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Tajikistan: Detained BBC journalist may have suffered torture

Reporter Urunboy Usmonov named prisoner of conscience

The Tajikistani authorities must immediately release a BBC journalist who has been held - apparently solely for his work - since mid-June, said Amnesty International today.

There are allegations that Urunboy Usmonov, a reporter with the BBC Central Asian Service, has suffered tortured or ill-treated while in detention.

Mr Usmonov was arrested on 13 June and has been charged with participation in the banned Islamic movement Hizb-ut-Tahrir. Mr Usmonov did not come home from work on 13 June, but briefly returned the next day with state security officers who searched his house. While this took place relatives saw injuries on Mr Usmonov’s neck which they believe were the result of torture or other forms of ill-treatment during his detention.

On 15 June an Interior Ministry spokesperson said that Mr Usmonov was suspected of being a member of Hizb-ut-Tahrir since 2009, and of conducting extremist propaganda using the internet. However Usmonov's lawyer told Amnesty on 2 July that the investigation had found no evidence of Hizb-ut-Tahrir membership.

State security officials said yesterday that, despite earlier allegations made by the Interior Ministry, Mr Usmonov was not accused of being a Hizb-ut-Tahrir member but that their investigation was still focusing on his involvement in the organisation. He is being held in pre-trial detention in the northern city of Khujand.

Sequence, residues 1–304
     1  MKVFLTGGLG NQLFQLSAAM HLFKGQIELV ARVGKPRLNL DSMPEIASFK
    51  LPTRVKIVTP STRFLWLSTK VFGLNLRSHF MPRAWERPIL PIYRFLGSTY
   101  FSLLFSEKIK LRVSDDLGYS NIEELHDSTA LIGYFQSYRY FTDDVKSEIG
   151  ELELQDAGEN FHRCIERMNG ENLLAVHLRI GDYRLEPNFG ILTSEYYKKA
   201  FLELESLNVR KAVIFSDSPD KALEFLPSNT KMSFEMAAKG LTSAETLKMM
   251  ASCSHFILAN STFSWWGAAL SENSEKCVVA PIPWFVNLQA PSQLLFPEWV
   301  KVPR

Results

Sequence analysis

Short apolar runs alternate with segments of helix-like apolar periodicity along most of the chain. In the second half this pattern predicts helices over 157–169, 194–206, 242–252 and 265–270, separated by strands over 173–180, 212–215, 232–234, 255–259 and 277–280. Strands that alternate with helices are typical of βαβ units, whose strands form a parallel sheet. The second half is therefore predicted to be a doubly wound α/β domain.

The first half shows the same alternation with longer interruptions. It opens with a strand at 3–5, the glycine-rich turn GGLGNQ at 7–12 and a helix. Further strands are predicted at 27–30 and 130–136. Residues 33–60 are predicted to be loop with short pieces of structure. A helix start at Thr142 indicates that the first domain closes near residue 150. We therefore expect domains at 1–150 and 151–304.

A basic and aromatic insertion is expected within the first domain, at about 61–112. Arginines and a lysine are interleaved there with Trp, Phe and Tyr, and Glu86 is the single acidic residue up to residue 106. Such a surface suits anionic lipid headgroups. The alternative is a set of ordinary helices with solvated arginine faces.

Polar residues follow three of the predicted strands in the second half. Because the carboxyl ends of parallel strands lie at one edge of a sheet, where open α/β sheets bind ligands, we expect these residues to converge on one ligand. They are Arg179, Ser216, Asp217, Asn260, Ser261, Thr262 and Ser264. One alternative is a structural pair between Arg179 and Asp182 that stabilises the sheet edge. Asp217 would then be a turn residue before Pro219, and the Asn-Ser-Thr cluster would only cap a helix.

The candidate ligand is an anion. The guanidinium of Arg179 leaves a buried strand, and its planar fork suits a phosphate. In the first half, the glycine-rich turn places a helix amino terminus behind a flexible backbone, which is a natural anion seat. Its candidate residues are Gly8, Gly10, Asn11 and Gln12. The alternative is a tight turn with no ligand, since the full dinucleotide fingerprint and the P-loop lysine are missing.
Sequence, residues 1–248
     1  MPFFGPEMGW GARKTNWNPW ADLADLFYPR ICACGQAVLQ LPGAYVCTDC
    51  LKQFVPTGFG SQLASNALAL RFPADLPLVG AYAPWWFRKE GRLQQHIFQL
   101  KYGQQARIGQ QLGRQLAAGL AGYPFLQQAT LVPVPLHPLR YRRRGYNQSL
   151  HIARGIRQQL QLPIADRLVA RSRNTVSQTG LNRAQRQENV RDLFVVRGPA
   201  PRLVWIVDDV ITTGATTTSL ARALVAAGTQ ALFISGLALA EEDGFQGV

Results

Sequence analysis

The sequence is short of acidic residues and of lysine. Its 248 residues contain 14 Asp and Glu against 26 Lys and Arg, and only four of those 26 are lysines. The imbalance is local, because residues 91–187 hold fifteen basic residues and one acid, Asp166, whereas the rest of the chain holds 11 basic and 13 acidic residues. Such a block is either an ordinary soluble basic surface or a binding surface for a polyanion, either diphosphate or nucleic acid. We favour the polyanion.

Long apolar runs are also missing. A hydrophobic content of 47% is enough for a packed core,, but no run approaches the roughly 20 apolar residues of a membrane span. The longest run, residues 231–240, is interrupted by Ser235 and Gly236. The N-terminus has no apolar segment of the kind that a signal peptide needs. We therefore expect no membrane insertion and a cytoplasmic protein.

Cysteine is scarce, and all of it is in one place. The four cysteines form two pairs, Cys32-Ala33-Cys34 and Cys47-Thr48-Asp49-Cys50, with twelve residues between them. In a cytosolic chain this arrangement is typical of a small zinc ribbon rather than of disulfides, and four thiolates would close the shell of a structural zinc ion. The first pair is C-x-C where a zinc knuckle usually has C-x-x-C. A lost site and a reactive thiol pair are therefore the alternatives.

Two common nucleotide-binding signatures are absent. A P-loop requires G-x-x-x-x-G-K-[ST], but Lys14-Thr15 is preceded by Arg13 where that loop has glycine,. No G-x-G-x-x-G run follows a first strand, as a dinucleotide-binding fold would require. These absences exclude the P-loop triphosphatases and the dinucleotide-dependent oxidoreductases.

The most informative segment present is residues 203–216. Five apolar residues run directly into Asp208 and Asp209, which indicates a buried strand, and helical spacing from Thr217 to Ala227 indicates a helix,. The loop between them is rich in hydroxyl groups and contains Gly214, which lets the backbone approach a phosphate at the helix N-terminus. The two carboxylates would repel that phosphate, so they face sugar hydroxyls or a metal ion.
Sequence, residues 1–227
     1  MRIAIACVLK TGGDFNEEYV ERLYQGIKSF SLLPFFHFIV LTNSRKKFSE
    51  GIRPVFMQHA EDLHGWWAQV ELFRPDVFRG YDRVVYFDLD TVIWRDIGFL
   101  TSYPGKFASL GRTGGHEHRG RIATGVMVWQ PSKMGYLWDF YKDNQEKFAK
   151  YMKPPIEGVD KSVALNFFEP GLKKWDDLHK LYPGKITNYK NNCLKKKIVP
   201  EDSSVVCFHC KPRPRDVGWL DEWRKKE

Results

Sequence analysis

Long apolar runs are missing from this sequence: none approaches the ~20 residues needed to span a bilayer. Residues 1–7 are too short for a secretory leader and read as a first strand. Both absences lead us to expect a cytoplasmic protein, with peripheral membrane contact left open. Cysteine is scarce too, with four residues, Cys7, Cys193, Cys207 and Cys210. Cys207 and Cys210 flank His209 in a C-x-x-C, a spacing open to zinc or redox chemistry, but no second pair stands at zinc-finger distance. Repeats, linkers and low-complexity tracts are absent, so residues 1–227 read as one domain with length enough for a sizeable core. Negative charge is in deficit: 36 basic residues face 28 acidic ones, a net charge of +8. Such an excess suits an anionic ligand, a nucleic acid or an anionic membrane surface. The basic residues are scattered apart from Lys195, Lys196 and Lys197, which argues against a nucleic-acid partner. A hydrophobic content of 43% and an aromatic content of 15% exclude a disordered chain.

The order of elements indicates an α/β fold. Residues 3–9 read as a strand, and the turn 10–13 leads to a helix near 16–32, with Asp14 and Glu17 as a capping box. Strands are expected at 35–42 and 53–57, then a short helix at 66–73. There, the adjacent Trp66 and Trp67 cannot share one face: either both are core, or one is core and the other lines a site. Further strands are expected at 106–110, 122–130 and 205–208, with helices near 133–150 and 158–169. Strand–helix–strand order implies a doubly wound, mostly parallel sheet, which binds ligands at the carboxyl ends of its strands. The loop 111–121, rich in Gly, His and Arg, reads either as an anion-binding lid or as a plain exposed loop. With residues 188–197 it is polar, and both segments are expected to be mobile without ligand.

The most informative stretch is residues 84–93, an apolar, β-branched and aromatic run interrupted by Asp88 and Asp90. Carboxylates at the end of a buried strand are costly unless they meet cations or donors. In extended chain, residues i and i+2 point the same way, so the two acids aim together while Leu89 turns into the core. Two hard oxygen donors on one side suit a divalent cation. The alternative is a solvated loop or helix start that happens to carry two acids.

A BBC colleague who was allowed to visit him in detention said that he appeared "frail mentally and psychologically". Hamid Ismailov of the BBC Central Asian Service, met Usmonov for ten minutes and reported on 28 June: "I was expecting to see a physically frail man but he was frail mentally and psychologically as well and that was very difficult to see. He was talking to me but his eyes were fixed on the security officers."

Amnesty International Europe and Central Asia Deputy Director John Dalhuisen said:

"Amnesty International considers that the charges against Urunboy Usmonov have been fabricated purely as punishment for his journalistic work and for peacefully exercising his right to freedom of expression.

"We consider him to be a prisoner of conscience. He should be released immediately and unconditionally. The authorities must also conduct a prompt and thorough investigation into the torture allegations and bring those responsible to justice."

Today, officials from the State Committee on National Security of Tajikistan told the BBC that he was not accused of Hizb-ut-Tahrir membership, but that the investigation was focusing on his involvement in the organisation and on his failing to inform the authorities of his contacts with it.

Urunboy Usmonov had no access to a lawyer for a week after his arrest. Since 14 June his family has been able to see him only once for half an hour in the presence of officials.

Amnesty has campaigned against human rights violations in Tajikistan such as torture and ill-treatment by law enforcement officers, impunity for torturers, violence against Women's rights's rightss rights's rights's rights's rights; and restrictions of freedom of speech.

In recent years independent media outlets and journalists have faced criminal and civil law suits for criticising the government.

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